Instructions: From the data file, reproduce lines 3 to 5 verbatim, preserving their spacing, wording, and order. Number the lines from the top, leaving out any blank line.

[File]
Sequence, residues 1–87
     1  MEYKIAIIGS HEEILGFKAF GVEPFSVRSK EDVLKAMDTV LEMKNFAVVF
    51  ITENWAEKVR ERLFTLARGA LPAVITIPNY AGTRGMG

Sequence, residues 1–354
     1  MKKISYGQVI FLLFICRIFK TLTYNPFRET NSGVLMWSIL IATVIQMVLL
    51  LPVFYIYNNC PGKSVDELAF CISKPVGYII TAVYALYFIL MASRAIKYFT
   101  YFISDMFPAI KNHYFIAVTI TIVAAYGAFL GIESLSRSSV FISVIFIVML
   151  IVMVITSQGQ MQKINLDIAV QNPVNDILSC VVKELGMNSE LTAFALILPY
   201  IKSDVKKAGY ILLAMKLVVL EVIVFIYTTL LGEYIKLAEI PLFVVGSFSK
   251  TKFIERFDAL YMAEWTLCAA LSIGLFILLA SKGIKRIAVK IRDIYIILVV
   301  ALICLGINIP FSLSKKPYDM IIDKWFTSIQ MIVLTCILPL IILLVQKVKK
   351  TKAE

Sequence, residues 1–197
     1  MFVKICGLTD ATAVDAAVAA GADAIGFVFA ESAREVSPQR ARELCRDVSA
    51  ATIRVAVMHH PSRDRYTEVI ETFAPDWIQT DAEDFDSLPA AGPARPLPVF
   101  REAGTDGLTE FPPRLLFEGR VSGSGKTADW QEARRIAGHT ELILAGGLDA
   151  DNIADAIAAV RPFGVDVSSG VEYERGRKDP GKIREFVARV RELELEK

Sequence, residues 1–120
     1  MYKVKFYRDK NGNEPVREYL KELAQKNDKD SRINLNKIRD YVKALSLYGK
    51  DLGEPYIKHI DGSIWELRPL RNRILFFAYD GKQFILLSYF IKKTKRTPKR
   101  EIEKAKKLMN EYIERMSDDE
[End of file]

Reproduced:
    51  ITENWAEKVR ERLFTLARGA LPAVITIPNY AGTRGMG

Sequence, residues 1–354
     1  MKKISYGQVI FLLFICRIFK TLTYNPFRET NSGVLMWSIL IATVIQMVLL